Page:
Enhancing Private Capital Governance
A recent academic study of the Creative Destruction Lab Rockies program found that if an entrepreneur has identified corporate governance as one of their key development milestones then they are significantly more likely to attract mentor support. In that study corporate governance included how the corporation planned to attract and incent employees, how advisors and directors would be recruited, and how the corporate board would function. Angels and private equity investors realize the importance of corporate governance and indeed it is one of the important considerations during any due diligence examination.
Savvy investors understand that private equity governance also includes the mechanisms they negotiate to help mitigate their investment risk. If an investor seeks a board seat as a condition of their investment then these mechanisms may lead to a divergence of opinion among board members. Building an effective start-up is a difficult task that can put great stress on all involved and developing effective private capital governance helps maintain alignment between all parties when challenges arise, and critical corporate decisions must be made. Understanding how to identify and manage these potential conflicts is important for an investor to become a value-enhancing member of the corporate board.
Governance begins with developing a strong leadership team and a board has a key role to play in building that team. Andrea Drager, Partner at Azure Capital, observes that “Providing access to ownership in the business for founding teams and the critical early hires is an important arrow in a founder’s quiver to attract and retain the right talent.” According to Mike McCauley, General Partner and Cofounder of Garage Capital“One of the most common problems we see in companies that do not end up finding success are issues within the founding team.” Both Andrea and Mike recommend a corporate structure that allows for an employee option pool, that requires standard option and share vesting, and that includes a shareholders’ agreement. The development of these agreements requires careful deliberations and conscious effort by the senior leadership team and the corporate board.
Governance also entails that a board requires management to develop proper corporate controls. Brad Pierce, an independent lawyer with extensive experience in the Canadian VC market, observed “I think probably the primary reason… a lot of them either fail or just fizzle out, is that they do not develop the structures or the networks that are key for their success in terms of their ability to raise further funding and allow them to scale their business”. Brad notes that guidance for entrepreneurs is available at a “very cost-effective rate” from many sources so “there’s no excuse” for start-ups not creating effective corporate structures and systems.
It is also important to realize that while governance needs to evolve as the corporation grows, it is an important consideration at all stages of development. Jim Gibson, a serial technology entrepreneur, angel investor, and author says, “If you believe that you have a company and a product and a solution that is going to grow and need capital, you need to act and behave in a governance model one step ahead of where you’re actually at. If you’re trying to raise an early stage round where you’re raising in the hundreds of thousands of dollars, you need to act like you’re raising an institutional round of Series A financing”. It is important for directors to realize, however, that their asks of a management team need to be thoughtful and not overburden them. Patrick Lor, Managing Partner, Panache Ventures notes that directors of start-ups need to understand the challenges of early-stage ventures and “not just throw the rule book at them, but walk through the risk management process with entrepreneurs and help them understand when to be cautious and when to be aggressive”.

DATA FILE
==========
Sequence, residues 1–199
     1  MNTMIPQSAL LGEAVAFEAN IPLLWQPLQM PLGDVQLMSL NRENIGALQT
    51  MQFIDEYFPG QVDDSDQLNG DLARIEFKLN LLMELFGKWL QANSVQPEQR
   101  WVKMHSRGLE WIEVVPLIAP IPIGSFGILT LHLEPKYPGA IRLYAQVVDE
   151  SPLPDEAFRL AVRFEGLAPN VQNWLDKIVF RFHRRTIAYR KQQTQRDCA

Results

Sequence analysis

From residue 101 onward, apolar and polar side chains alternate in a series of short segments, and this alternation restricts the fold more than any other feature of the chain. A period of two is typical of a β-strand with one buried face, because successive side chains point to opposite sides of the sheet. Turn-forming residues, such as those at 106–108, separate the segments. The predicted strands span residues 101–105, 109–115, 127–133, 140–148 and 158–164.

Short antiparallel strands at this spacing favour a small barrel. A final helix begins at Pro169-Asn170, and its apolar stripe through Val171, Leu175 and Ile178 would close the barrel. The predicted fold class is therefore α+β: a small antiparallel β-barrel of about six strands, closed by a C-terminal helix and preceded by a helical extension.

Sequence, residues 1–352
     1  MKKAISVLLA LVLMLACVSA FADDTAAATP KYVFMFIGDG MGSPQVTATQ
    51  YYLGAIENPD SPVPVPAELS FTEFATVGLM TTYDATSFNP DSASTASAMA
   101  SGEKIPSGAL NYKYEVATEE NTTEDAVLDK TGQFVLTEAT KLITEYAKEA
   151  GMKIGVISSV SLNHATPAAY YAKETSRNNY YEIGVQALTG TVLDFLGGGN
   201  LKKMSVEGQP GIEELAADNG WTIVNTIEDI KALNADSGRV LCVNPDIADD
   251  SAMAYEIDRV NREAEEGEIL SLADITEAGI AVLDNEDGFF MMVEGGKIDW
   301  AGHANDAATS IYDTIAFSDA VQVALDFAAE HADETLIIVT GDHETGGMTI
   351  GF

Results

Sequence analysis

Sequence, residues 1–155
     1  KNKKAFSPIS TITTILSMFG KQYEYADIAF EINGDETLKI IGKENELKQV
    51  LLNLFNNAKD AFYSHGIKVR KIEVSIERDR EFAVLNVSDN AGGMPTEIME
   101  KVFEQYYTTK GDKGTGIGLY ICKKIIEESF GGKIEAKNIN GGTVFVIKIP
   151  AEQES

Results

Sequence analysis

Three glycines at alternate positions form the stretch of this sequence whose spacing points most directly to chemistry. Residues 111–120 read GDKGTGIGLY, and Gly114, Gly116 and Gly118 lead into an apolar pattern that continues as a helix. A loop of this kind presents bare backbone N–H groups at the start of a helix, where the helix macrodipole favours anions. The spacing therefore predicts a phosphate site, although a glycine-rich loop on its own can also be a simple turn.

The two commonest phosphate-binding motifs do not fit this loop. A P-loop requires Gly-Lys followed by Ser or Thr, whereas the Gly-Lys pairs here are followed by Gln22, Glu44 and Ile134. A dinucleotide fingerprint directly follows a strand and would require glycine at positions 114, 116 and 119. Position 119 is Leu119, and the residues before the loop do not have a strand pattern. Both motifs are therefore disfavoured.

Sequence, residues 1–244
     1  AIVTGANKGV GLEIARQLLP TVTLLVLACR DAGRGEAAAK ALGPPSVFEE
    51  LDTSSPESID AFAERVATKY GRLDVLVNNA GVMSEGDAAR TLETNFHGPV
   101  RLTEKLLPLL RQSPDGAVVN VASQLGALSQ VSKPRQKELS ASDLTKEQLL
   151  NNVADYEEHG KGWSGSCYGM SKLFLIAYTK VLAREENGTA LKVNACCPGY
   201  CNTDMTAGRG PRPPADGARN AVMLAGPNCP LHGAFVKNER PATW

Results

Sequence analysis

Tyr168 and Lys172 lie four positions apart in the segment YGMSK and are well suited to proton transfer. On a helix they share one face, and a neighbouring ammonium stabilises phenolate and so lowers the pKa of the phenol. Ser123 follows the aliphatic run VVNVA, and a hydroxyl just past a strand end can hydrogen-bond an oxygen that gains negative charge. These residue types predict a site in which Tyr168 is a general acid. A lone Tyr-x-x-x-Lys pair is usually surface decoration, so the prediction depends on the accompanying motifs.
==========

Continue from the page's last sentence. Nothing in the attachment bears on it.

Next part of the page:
The challenge for an investor nominee to a corporate board is to understand that in the context of corporate governance, and during board meetings, their fiduciary duty to the corporation is their primary responsibility. Acting as a fiduciary requires ensuring that key corporate decisions concerning strategy, risk management, and human performance are made using a robust process that considers the interests of a diverse set of stakeholders. Board members also need to realize that they are peers and must have the courage to challenge the senior leadership team and their fellow directors if required. They also must be aware of potential biases in their individual and group decision-making when faced with critical corporate decisions and actively work to overcome any that arise.
The CVCA/ICD Private Capital Governance Program draws on academic research, guidelines for publicly traded corporations, and insights from leading industry professionals to illustrate how best practices must be adapted for use in private equity situations. The course includes both asynchronous, synchronous Zoom, and synchronous in-class sessions to allow participants to increase their knowledge and learn how to apply it in a series of case simulations. At the end of the program, the participants will have developed a better understanding of, and increased their confidence with respect to, how they should act to become a highly effective private equity board member.
Private Capital Governance Program
To apply for the program or request more information, please follow the link below.